After undergoing joint surgery, 5–10% of animals accidentally undergo dehiscence of the sutures. This results in patellar dislocation with secondary cartilage metaplasia within the synovium. Twelve days after injury (but not at earlier time points), in mice with patellar dislocation, toluidine blue staining revealed large areas of metachromasia within the synovium, mainly adjacent to the femoral and patellar articular cartilage (Figure 4K). Similar but minute areas of weak metachromasia were detected in injured mice without patellar dislocation at 12 days after injury (Figure 4J). The metachromasia in synovium shown by toluidine blue staining was observed neither in uninjured control mice (Figure 4A) nor in injured mice at earlier time points (results not shown).
We took advantage of the complication of patellar dislocation in injured mice to provide proof of concept that double nucleoside–labeled cells in synovium have another typical stem cell feature, i.e., the ability to differentiate into mature cells such as chondrocytes. To this end, sections were costained for IdU, CIdU, and the early chondrocyte lineage marker Sox9, a transcription factor required for cartilage formation (29). Although no Sox9 was detectable in the synovium of uninjured joint sections at all time points tested (Figures 4B–E), a number of cells expressed the marker of early chondrogenesis 12 days after injury (Figures 4L–O), with positive cells located in the area of metachromasia and most also being positive for IdU and CIdU. Notably, no Sox9-positive cells stained only for CIdU, while some Sox9-positive cells stained only for IdU, suggesting either that IdU-positive cells had differentiated without proliferation or that they had undergone very few cell cycles prior to day 8 postinjury.
Type II collagen, a chondrocyte-specific marker, was detected in consecutive sections mostly associated with cells showing an enlarged rounded nucleus (Figures 4P–S). As observed for Sox9, the majority of cells positive for type II collagen costained for both IdU and CIdU, but a number of cells costained only for IdU. Type II collagen was not detectable in the synovium at either 4 days or 8 days after injury (data not shown) or in knee joint sections obtained from uninjured mice (Figures 4F–I). Colocalization of IdU and CIdU with Sox9 and type II collagen was also observed 12 days after injury in the minute metachromatic areas of synovial tissue in nondislocated joints (data not shown). These data indicate that double nucleoside–labeled cells within metachromatic synovium display a chondrocyte-like phenotype.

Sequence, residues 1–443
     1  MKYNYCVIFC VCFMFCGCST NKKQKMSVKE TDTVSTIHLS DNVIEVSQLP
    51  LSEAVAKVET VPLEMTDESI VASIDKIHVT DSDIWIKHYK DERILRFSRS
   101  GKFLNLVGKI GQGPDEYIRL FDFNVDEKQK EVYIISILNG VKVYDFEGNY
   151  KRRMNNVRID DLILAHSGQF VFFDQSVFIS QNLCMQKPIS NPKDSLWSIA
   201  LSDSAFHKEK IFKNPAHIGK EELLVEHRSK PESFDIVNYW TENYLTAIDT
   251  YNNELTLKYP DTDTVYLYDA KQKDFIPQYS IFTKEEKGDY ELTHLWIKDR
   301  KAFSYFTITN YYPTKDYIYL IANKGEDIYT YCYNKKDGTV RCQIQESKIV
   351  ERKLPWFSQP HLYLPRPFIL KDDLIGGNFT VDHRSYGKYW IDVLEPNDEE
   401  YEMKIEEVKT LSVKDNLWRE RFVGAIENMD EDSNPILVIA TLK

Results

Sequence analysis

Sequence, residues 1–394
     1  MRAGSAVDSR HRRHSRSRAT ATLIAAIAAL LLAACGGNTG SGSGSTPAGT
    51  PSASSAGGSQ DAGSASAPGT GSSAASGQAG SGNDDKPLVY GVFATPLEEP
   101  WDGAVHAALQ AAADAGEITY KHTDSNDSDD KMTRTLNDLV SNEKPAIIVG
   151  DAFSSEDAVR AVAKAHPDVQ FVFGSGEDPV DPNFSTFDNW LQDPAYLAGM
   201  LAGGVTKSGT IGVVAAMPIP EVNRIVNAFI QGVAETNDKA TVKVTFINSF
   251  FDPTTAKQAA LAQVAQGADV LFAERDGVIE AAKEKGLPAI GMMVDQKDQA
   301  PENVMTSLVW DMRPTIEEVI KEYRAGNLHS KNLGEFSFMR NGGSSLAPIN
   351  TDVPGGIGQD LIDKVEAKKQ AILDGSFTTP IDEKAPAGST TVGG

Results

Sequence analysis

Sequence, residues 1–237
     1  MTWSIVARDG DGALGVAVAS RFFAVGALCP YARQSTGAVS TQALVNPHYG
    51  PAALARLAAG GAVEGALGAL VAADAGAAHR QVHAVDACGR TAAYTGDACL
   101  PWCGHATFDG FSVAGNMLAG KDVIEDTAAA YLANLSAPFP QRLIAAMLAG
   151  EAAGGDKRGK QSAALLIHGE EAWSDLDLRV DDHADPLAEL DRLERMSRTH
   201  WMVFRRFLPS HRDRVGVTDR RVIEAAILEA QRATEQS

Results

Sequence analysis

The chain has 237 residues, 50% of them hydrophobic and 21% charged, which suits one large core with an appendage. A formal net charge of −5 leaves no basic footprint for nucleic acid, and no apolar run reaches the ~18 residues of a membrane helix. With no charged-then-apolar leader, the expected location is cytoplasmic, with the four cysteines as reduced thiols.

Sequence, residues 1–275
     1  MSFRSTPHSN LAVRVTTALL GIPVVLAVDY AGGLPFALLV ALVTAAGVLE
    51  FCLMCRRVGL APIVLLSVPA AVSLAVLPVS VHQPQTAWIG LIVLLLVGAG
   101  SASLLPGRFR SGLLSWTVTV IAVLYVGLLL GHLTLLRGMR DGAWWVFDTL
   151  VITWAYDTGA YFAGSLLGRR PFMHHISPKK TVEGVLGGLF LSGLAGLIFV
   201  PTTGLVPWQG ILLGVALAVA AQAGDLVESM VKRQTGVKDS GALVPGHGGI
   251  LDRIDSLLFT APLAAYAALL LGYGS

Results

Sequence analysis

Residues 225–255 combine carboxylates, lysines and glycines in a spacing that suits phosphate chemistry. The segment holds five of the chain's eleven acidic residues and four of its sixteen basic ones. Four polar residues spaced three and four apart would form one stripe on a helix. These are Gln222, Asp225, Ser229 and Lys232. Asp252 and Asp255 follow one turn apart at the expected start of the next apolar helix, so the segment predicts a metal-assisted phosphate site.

Synovial hyperplasia is a very common phenomenon following joint injuries, but the identity of the underpinning proliferating stromal cells is not known. Similar to bone marrow and most connective tissues (30–33), the stroma of the synovial tissue contains cells that after release and culture expansion display features of MSCs (5). However, despite extensive in vitro characterization, the equivalent cells within their native tissue in vivo have not been identified because of a lack of specific markers.
In the current study, we adapted to our mouse model of traumatic knee joint–surface injury a double nucleoside analog–labeling scheme that was recently used to positively detect neural stem cells in vivo (13). We identified and characterized, in the mouse knee joint synovium, a population of quiescent, slow-cycling nonhematopoietic, nonendothelial, MSC-like stromal cells, present in both the lining layer and sublining tissue, that proliferated following injury to produce synovial hyperplasia (Figure 5).
Although IdU-positive cells expressed conventional MSC markers, none of the MSC markers tested was sufficient to label all IdU-positive cells, and all MSC markers also labeled cells that were negative for IdU. Moreover, IdU-positive cells were heterogeneous in their phenotype, possibly reflecting the coexistence of functionally distinct cell subsets.
IdU-positive cells were negative for CD105, an established marker of human MSCs in culture. We cannot exclude the possibility that CD105 would identify MSCs in humans but not in mice, because variations in MSC phenotype and biology across species are known (34). In addition, acquisition of CD105 might occur as a result of phenotypic rearrangements during ex vivo cell manipulations (35). Indeed, markers observed on cells in vitro cannot be directly extrapolated to the equivalent native cells in vivo. For this reason, we used an unbiased approach, based on nucleoside labeling, to detect stem cells within the synovium in vivo.